What is pyruvate? Why do we need it?
Pyruvate is an enzyme. It is created in the body (in the
form of pyruvic acid) during the process of metabolizing carbohydrates
and proteins for energy.
Many studies have published results suggesting that pyruvate
may aid in weight loss. Three separate controlled studies
that combined various amounts of pyruvate (6-10 grams per
day) with an exercise program reported greater reduction of
body fat in overweight patients compared to those taking a
placebo. Some clinical trials indicate that pyruvate supplements
may increase the metabolic resting rate and improve endurance
Other research indicates that pyruvate functions as an antioxidant,
inhibiting the production of harmful free radicals. Preliminary
research with animals suggests that because of its antioxidant
properties, pyruvate may inhibit the growth of cancer tumors.
However, this effect has not been confirmed in human studies.
How much pyruvate should I take?
A recommended daily allowance for pyruvate has yet to be
established. Most weight-loss studies conducted in humans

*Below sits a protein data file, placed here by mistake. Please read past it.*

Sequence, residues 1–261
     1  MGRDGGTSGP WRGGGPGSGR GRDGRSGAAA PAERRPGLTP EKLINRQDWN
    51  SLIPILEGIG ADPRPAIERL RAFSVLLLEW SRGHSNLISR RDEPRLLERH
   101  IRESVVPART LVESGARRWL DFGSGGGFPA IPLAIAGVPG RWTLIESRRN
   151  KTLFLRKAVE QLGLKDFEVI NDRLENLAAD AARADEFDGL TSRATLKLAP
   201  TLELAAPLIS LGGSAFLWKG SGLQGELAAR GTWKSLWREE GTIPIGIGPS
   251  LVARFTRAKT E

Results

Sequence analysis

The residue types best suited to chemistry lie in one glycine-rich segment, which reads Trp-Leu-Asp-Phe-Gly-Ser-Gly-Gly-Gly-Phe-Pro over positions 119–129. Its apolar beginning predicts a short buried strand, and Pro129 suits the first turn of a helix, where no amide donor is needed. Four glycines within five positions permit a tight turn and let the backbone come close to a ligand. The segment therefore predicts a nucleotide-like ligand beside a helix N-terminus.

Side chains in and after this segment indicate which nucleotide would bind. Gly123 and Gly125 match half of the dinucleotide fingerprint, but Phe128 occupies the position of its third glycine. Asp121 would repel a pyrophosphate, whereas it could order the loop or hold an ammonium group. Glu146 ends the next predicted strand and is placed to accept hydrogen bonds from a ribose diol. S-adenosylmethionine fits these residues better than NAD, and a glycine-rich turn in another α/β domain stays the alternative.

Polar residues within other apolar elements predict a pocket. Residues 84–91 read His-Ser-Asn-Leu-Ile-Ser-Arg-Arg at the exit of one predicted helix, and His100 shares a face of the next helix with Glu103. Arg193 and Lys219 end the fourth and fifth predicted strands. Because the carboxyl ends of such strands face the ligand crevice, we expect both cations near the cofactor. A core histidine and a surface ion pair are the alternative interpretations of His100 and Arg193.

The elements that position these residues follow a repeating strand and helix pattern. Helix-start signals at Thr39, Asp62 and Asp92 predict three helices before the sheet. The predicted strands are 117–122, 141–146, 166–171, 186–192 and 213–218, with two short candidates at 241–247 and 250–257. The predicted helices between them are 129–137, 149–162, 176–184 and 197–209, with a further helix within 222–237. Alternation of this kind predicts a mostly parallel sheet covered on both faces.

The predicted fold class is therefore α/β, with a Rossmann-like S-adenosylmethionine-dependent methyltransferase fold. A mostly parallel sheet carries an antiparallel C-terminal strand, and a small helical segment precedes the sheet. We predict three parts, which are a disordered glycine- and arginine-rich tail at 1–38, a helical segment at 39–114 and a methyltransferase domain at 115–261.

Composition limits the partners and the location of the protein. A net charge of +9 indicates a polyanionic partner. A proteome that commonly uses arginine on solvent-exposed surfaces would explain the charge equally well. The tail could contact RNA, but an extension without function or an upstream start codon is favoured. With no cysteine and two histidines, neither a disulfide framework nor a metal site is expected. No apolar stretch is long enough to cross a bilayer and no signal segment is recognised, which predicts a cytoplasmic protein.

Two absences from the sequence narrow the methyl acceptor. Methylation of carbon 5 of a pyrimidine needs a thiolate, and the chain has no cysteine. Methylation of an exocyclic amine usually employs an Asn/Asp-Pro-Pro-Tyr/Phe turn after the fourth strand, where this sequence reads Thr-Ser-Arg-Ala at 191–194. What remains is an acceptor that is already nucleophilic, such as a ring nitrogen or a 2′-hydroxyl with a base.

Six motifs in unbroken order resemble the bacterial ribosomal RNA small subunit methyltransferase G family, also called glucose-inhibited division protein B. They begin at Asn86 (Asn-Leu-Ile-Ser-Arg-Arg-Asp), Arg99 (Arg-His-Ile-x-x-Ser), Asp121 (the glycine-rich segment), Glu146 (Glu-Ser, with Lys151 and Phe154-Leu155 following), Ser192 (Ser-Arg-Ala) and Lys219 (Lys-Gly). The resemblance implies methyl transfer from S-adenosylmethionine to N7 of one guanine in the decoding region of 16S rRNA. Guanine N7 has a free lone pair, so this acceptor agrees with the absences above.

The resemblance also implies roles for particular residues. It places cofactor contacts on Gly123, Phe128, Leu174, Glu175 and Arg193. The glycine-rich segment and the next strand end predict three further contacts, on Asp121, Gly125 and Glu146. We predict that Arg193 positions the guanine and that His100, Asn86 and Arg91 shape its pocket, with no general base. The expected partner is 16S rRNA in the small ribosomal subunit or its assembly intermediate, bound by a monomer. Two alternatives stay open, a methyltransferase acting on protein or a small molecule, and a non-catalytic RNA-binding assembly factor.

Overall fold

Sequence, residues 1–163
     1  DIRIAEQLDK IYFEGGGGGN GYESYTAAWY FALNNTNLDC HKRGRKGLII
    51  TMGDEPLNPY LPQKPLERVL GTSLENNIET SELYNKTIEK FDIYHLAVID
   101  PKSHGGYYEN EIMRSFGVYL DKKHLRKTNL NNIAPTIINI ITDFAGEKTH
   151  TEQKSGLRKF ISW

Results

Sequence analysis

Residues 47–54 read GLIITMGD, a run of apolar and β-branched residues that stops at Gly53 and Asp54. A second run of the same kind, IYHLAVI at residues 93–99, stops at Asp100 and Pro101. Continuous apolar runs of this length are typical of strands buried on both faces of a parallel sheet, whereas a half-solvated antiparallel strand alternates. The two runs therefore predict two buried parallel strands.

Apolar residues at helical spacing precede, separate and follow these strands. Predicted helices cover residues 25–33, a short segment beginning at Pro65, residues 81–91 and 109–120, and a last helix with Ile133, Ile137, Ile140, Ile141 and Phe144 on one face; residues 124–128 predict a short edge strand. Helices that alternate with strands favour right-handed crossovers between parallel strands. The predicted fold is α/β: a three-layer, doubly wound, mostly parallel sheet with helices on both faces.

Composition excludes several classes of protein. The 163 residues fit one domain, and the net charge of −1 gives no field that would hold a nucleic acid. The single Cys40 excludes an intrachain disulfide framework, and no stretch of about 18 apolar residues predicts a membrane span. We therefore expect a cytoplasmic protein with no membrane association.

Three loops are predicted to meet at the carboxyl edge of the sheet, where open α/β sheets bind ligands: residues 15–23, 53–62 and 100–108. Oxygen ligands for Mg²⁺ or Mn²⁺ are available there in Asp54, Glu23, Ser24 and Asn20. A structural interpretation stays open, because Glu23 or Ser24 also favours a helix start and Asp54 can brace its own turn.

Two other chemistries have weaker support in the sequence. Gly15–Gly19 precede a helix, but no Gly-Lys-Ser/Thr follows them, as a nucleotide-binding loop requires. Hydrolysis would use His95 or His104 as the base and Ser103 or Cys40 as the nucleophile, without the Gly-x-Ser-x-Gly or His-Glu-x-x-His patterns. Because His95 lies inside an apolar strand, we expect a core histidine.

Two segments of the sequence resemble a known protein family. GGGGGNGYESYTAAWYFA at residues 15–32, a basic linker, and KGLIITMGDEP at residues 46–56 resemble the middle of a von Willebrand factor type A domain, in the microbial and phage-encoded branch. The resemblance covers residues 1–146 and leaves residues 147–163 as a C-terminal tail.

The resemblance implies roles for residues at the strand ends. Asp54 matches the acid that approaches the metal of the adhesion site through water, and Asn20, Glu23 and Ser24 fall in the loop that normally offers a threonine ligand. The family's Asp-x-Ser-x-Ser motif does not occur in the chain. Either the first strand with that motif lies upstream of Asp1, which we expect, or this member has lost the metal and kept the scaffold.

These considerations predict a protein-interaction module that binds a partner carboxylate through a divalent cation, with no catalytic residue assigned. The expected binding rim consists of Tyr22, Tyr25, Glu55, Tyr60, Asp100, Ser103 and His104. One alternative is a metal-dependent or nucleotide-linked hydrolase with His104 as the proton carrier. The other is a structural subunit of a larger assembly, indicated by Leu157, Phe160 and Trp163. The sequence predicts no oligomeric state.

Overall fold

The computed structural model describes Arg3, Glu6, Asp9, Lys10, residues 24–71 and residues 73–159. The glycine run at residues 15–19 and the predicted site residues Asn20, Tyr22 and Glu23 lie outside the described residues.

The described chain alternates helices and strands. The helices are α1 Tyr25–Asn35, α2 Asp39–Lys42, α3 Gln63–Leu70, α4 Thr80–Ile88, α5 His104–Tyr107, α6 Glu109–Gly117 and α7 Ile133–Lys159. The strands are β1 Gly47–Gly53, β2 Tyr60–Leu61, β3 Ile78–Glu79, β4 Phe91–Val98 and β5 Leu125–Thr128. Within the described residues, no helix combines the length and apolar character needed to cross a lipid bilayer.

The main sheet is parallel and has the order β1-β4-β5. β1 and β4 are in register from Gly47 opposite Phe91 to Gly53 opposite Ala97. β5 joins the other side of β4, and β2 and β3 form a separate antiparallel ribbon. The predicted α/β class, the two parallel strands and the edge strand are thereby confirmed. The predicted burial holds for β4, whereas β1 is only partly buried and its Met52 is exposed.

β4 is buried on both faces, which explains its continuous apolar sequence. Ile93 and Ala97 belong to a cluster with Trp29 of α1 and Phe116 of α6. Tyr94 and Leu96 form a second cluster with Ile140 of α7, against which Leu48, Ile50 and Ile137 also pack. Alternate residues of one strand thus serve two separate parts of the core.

have used at least 30 grams of pyruvate a day. However, a
study conducted in 1999 found that patients using six grams
of pyruvate per day in combination with exercise led to greater
weight loss and loss of body fat compared to those who exercised
but took a placebo.
What are some good sources of pyruvate? What forms are available?
In addition to being formed in the body during digestion,
pyruvate is found in many foods, including red apples, cheese,
dark beer and red wine. Many health food stores also sell
pyruvate supplements, either alone or as part of a multivitamin.
What can happen if I dont
get enough pyruvate? What can happen if I take too much? Are
there any side-effects I should be aware of?
High pyruvate intake can cause gastrointestinal disorders
such as gas, bloating and diarrhea. At present, there is no
evidence of any drug interactions with pyruvate.
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